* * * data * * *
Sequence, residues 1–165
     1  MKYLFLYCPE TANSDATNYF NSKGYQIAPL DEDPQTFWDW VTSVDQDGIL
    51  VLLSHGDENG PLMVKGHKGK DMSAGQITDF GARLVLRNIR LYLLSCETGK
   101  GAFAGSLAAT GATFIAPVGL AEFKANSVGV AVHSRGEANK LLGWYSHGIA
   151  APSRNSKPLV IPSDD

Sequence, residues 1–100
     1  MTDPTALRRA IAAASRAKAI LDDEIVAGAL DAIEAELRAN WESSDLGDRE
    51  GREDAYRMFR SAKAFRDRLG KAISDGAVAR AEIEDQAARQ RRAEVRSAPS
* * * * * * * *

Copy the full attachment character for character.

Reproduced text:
Sequence, residues 1–165
     1  MKYLFLYCPE TANSDATNYF NSKGYQIAPL DEDPQTFWDW VTSVDQDGIL
    51  VLLSHGDENG PLMVKGHKGK DMSAGQITDF GARLVLRNIR LYLLSCETGK
   101  GAFAGSLAAT GATFIAPVGL AEFKANSVGV AVHSRGEANK LLGWYSHGIA
   151  APSRNSKPLV IPSDD

Sequence, residues 1–100
     1  MTDPTALRRA IAAASRAKAI LDDEIVAGAL DAIEAELRAN WESSDLGDRE
    51  GREDAYRMFR SAKAFRDRLG KAISDGAVAR AEIEDQAARQ RRAEVRSAPS